Kimberly is also appreciative of so many staff members. She wanted to give a shout-out to her nurse, Julie, the PCTs, Hailey, Carmelita, and the rest of the nursing team, her therapists, Steven, Katelyn, and Beth, Denise, and Dr. Khan. “Everyone was so compassionate and kind! My therapists were so motivating and helped me with eating and my voice. Everyone was there for me!”

Using her return home as motivation, Kimberly pushed herself and worked hard at her recovery. She defines success as living God’s will. “I think you need to be good to people, listen to people, help people and just be there for people.  If you can do that, that is success.”

Kimberly graduated from inpatient rehabilitation and returned home after gaining back a lot of her independence. She loves being back in her home to enjoy the wide-open spaces in Mitchell, Indiana. Her plans for the future include praying for the BRRH team. “They gave me a second chance, and I am going use it. I am going to live my life doing God’s will!”

After suffering from COVID-19, pneumonia, acute respiratory failure, and hypoxia, Katherine Warthan’s hard work paid off, and she returned home to her loving family.

Before her illness, Katherine Warthan worked at two elementary schools in Owen County. She proudly served as a K-6 teacher for music, art, and PE. She has three kids and eight grandchildren and loves spending time with family.

After contracting COVID-19, Katherine’s symptoms worsened. She ended up at IU Health Bloomington, where they diagnosed her with pneumonia, hypoxia, and acute respiratory failure. Once she stabilized, she chose to continue her recovery at Bloomington Regional Rehabilitation Hospital based on a family recommendation.

Katherine’s family explained, “It was the best facility that offered what mom needed. She needed more therapy than a nursing home could provide her. We know mom is a hard worker and would accomplish a lot.”

The biggest influence on Katherine’s recovery was having her family present and the skills of her care team. The staff consistently encouraged her, and she felt truly cared for. She said, “Everyone I came in contact with had an impact on my recovery. The therapists, nurses, kitchen staff, and PCTs were all so kind!”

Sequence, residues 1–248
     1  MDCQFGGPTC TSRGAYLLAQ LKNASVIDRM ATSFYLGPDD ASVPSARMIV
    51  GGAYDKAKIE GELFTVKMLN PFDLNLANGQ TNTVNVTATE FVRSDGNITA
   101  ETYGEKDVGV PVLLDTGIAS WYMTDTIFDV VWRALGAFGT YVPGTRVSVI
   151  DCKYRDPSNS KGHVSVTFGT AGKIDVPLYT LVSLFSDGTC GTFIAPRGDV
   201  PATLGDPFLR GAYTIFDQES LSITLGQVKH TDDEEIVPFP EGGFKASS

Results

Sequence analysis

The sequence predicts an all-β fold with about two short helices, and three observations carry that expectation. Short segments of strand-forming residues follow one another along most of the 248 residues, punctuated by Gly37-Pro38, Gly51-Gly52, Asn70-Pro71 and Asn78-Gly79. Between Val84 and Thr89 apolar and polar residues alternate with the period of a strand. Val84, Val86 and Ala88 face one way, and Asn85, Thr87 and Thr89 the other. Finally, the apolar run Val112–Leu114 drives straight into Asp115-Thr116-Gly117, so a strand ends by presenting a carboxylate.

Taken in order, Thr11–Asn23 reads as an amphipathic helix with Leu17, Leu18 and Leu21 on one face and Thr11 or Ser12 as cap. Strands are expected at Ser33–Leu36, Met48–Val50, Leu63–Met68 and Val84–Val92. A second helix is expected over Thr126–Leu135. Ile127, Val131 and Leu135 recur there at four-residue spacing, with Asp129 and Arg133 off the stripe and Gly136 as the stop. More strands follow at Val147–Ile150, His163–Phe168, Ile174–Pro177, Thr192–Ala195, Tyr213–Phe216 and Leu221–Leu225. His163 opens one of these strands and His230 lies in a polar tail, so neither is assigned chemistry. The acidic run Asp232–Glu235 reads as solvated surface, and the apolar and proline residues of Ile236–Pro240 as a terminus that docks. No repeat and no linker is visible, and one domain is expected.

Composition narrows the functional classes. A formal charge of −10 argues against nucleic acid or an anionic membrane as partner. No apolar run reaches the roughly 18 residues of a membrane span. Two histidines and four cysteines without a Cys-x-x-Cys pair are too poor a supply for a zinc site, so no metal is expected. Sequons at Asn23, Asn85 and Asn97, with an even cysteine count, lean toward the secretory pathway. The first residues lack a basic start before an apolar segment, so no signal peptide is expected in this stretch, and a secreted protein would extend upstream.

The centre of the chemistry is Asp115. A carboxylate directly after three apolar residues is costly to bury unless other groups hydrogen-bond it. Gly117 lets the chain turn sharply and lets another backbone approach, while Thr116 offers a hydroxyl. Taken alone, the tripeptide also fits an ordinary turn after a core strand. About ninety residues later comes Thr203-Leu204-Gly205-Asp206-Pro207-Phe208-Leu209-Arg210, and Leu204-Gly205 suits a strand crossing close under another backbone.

From day one, Katherine worked hard at her recovery. “I experienced so much strength and growth throughout my stay,” she said upon reflection. “I give God all the glory in my recovery!”

Katherine looks forward to returning home to her family and can’t wait to hold her grandchildren. She also plans to travel, care for the flowers in her yard, and visit her parents.

Before suffering a bad fall, Linda Hall and her husband Ted lived a great life. She practiced yoga and helped out with a dementia support group. She and her husband lived a full and independent life.

On a cold winter day, Linda hit a patch of ice while walking and fell, fracturing her ribs. After spending time at IU Health Bloomington Hospital, she needed to find a hospital for continued care. Her case manager highly recommended inpatient rehabilitation at Bloomington Regional Rehabilitation Hospital. With her decision made, Linda was very excited to start the next phase of her recovery.

Although Linda missed sleeping in her bed, practicing yoga, and spending time at home with her husband, she worked hard at her recovery. Right off the bat, she was very impressed with the care and attentiveness the BRRH staff provided. She particularly hit it off with her physical therapist, Stevie. She explained that Stevie made her very strong and flexible.

Success for Linda meant returning home. After working hard with her care team, she did just that. Even though she was very thankful for her time at BRRH, Linda was excited to see her husband and friends. She looked forward to taking care of herself again and couldn’t wait to get her hair done. With the skills and education, she received at BRRH, Linda confidently returned home to lead her fulfilling life once again.